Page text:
This opinion will be unpublished and

may not be cited except as provided by

Minn. Stat. § 480A.08, subd. 3 (2000).







In Re the Marriage of:

Steven C. Leverington, petitioner,



Paula K. Leverington,

n/k/a Paula K. Edgerton,

County of Dakota,


Filed March 27, 2001

Affirmed; motion granted in part and denied in part

Hanson, Judge


Dakota County District Court

File No. F6-98-13394


Kathryn A. Graves, Katz & Manka, Ltd., 4150 U.S. Bank Place, 601 Second Avenue South, Minneapolis, MN 55402 (for appellant)


Paula K. Leverington n/k/a Paula K. Edgerton, 1212 – 131st Street East, Burnsville, MN 55337 (respondent pro se)


            Considered and decided by Crippen, Presiding Judge, Harten, Judge, and Hanson, Judge.


U N P U B L I S H E D   O P I N I O N


Appellant-father challenges a child support magistrate’s order increasing his support obligation.  He alleges that: (1) the magistrate overstated his income by including undistributed interest earned by a subchapter S corporation and distributions that were intended solely to enable appellant to repay a personal debt he had incurred for the benefit of the corporation; (2) the magistrate understated the amount of time he spends with the children for purposes of the Valento child-support formula; (3) the magistrate misapplied the Valento formula; and (4) the district court abused its discretion by affirming the magistrate’s decision without considering a transcript of the hearing.  Appellant also moves to strike respondent’s pro se brief and seeks from respondent reimbursement for attorney fees incurred in bringing this motion.  We affirm the magistrate’s order, grant appellant’s motion to strike and deny appellant’s motion for reimbursement.


            Appellant Steven Leverington and respondent Paula Edgerton were divorced in May 1998.  They agreed on joint legal and physical custody of their four children, with an initial parenting schedule providing that Leverington was the primary custodian until Edgerton found suitable housing.  In January 1999, the parties stipulated to an Order to Amend Judgment, based on a revised child-support and custody agreement, whereby Leverington would pay $650 per month in child support and the children would be with Leverington every other weekend and two evenings per week and with Edgerton the remaining time.

            In March of 2000,  Edgerton sought an order for modification of child support, alleging an increase in her expenses, an increase in Leverington’s income, and a reduction in the amount of the scheduled time he was spending with his children.  Based on its finding that Leverington’s income had increased substantially, the child support magistrate determined that his monthly obligation would be $1,653 under the guidelines provided by Minn. Stat. § 518.551, subd. 5 (2000), as interpreted by Valento v. Valento, 385 N.W.2d 860 (Minn. App. 1986), review denied (Minn. June 30, 1986).  After crediting Leverington with the $350 paid monthly for spousal maintenance (which the parties had treated as a credit against child support in their earlier stipulation), the magistrate exercised its discretion to reduce guideline child support further to $1,090, based on factors concerning Leverington’s ability to pay.  This resulted in an increase in monthly child support of  $440 ($1,090 vs. $650).  The district court subsequently denied Leverington’s motion for review.  This appeal followed.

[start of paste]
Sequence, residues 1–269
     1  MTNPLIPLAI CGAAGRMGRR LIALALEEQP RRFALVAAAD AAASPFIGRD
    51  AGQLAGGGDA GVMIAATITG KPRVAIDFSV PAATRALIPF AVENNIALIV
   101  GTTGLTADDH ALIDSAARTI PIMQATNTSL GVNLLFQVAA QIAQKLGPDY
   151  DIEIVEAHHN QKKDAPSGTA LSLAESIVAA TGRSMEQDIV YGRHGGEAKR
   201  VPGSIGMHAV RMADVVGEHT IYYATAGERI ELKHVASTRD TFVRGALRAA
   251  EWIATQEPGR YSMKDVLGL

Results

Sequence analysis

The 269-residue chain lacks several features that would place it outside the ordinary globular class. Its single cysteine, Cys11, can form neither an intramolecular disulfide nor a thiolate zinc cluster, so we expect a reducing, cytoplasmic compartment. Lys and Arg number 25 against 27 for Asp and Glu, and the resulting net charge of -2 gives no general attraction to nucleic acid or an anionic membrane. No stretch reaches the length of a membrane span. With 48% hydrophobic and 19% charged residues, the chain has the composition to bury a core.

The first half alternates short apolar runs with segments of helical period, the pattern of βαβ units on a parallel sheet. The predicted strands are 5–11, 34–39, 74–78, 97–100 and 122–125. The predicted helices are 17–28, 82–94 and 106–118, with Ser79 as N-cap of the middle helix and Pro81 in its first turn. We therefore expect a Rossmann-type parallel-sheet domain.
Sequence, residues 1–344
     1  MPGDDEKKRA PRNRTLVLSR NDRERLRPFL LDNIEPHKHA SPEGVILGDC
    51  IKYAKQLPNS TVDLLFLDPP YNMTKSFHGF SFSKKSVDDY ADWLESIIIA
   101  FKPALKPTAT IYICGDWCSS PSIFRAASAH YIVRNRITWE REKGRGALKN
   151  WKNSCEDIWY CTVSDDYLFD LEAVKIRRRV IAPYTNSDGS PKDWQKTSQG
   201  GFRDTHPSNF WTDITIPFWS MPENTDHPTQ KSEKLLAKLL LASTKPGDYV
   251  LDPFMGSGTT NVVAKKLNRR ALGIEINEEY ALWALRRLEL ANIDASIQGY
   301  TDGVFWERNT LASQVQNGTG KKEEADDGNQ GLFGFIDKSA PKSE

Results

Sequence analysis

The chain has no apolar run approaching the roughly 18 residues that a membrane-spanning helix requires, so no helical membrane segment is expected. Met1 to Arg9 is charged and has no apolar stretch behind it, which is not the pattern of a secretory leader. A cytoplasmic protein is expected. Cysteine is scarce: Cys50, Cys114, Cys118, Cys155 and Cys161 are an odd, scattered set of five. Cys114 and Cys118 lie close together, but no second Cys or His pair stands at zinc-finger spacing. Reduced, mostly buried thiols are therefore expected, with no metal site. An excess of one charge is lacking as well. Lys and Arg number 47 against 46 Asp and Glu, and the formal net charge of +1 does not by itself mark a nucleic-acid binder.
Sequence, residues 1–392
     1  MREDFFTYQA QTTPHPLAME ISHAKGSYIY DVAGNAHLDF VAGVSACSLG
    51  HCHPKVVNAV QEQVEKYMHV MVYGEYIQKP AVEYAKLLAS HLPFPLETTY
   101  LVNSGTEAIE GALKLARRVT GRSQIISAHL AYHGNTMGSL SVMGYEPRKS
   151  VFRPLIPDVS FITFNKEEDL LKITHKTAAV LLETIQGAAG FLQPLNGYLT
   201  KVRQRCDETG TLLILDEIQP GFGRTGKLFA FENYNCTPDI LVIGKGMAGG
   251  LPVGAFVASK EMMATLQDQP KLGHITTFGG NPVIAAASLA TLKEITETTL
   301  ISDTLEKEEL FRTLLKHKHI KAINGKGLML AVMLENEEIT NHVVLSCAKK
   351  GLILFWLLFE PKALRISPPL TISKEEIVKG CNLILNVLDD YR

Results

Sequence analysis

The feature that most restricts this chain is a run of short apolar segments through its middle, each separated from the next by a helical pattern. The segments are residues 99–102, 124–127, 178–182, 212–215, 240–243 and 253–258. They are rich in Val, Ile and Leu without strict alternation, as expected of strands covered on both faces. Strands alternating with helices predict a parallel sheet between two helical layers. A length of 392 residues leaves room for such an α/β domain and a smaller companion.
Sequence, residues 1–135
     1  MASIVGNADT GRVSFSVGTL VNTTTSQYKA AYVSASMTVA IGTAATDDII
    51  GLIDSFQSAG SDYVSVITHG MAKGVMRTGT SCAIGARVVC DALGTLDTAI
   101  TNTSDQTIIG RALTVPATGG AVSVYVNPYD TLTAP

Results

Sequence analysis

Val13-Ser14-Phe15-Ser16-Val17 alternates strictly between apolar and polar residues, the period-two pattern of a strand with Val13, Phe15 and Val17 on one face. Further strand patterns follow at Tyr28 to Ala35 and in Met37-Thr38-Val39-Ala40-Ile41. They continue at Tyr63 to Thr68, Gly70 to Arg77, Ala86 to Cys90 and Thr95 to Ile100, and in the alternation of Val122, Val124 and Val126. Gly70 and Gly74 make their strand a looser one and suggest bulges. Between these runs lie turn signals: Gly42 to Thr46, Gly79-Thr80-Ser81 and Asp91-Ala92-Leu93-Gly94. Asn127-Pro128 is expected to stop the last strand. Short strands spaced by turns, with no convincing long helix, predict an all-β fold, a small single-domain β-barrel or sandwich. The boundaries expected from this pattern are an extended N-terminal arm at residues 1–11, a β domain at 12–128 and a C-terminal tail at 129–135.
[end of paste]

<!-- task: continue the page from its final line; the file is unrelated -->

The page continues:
We will reverse a district court order to modify child support only if “the court abused its broad discretion by making a clearly erroneous conclusion that is against the logic and the facts on [the] record.”  Gully v. Gully, 599 N.W.2d 814, 820 (Minn. 1999) (quotation omitted).  A similar standard applies upon review of a magistrate’s decision.  Brazinsky v. Brazinsky, 610 N.W.2d 707, 710 (Minn. App. 2000).

A.     Determination of Appellant’s Income

The magistrate found that Leverington had a net yearly income of $65,450.  Leverington contends that the magistrate made three distinct errors in arriving at this figure:  (1) that $9,417 in interest on a money-market account held by the subchapter S corporation of which he was a shareholder was not distributed to him and thus was not income for child-support purposes; (2) that the magistrate’s deduction of only $7,200 of the $12,000 that the corporation distributed to him to make payments on a business loan that he had taken out on the corporation’s behalf failed to recognize his obligation to pay income taxes on the $12,000; and (3) that the magistrate erred in subtracting the 1999 maximum social-security deduction of $4,501 instead of the 2000 maximum social security deduction of $4,724.